Keep your eyes peeled up in the hills and you might spot a mountain hare. A leopard may not change its spots but a mountain hare can – or, at least, it gets a white winter coat quite different from its grey-brown summer one. If there’s snow, the winter coat camouflages the hare; if there isn’t, it makes them very vulnerable to predators and therefore even shyer and harder to spot than usual.
Scottish Bird Watching in Winter
Ptarmigan, which are members of the grouse family, also change their plumage to a wintry white. The best places to see both hares and ptarmigan are in the Cairngorms, normally quite high up the mountains. Both prefer areas remote from humans, so it’s a very lucky day when you see one.
Staying in the mountains, turn your eyes skywards to look for golden eagles, peregrine falcons and red kites hunting hare and other small prey; nearer the coast you may also see white-tailed sea eagles. Murmurations of starlings, wheeling in synchronised flight like a spotted veil, are a common sight around farmland, especially in the dusk. Less common birds to watch out for are Scottish (parrot) crossbills, redwings, waxwings, snow buntings, and fieldfares that migrate from Scandinavia for the winter.
Scotland is a major destination for migrating geese and other birds that spend their summers in the Arctic. From September onwards great skeins of pink-foot, barnacle and greylag geese can be seen and heard in the skies, especially at dawn and dusk, as they move between roosting areas on the coast and feeding grounds inland. Many of them migrate even further south but several thousand remain in Scotland.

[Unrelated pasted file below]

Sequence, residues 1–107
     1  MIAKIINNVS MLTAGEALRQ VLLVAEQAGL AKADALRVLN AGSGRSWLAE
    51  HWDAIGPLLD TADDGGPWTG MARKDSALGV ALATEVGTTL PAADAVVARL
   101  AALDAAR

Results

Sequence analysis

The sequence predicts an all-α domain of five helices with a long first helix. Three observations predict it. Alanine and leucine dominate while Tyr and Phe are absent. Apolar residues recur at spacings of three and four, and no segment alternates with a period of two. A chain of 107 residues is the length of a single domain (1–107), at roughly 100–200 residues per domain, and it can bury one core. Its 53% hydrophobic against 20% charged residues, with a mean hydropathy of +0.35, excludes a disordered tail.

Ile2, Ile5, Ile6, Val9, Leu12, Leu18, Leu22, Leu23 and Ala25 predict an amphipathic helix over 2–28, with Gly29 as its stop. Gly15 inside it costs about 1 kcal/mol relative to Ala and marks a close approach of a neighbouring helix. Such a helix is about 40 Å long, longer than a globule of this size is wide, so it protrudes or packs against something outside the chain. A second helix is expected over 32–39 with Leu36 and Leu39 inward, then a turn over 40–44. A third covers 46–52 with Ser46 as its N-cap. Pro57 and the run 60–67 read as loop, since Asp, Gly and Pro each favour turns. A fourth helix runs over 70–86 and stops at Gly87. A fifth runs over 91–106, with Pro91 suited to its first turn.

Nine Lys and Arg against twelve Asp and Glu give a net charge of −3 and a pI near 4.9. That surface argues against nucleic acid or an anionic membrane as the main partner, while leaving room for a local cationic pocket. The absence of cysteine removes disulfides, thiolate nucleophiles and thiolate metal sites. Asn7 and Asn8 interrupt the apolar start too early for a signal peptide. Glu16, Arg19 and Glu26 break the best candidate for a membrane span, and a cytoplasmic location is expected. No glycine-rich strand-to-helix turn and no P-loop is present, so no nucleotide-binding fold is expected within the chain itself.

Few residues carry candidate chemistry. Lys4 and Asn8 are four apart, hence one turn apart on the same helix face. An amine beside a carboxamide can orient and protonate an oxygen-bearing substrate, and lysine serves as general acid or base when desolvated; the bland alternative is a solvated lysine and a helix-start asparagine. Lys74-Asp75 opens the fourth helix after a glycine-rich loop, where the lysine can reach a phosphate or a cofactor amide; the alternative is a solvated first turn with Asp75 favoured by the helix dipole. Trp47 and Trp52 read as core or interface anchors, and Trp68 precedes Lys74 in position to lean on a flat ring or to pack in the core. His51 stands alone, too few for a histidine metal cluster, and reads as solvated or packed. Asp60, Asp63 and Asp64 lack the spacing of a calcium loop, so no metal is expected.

Great places to see geese in eastern Scotland include the Montrose Basin in Angus, Loch Leven in Perthshire, and the Loch of Strathbeg in Aberdeenshire. Further west, they can be found on the Solway Firth at Mersehead Nature Reserve and at Loch Gruinart on Islay. In the northern isles the best place to view them is North Ronaldsay Bird Observatory on Orkney.
Other waterfowl that over-winter in Scotland include oystercatchers with their distinctive long orange beaks, mute swans, redshank, eider ducks, shelducks and wigeon. You can watch them puddling in the mud and sand or diving to look for food at wildlife reserves, lochs and beaches all round the country.
Winter along Scotland’s coast can also offer sightings of common and grey seals (where there’s no fish farming, anyway) and harbour porpoises. Inland you might spot otter and also beaver, which have recently been re-introduced to three sites in Scotland and are doing well. You may even catch a glimpse of a darting turquoise kingfisher.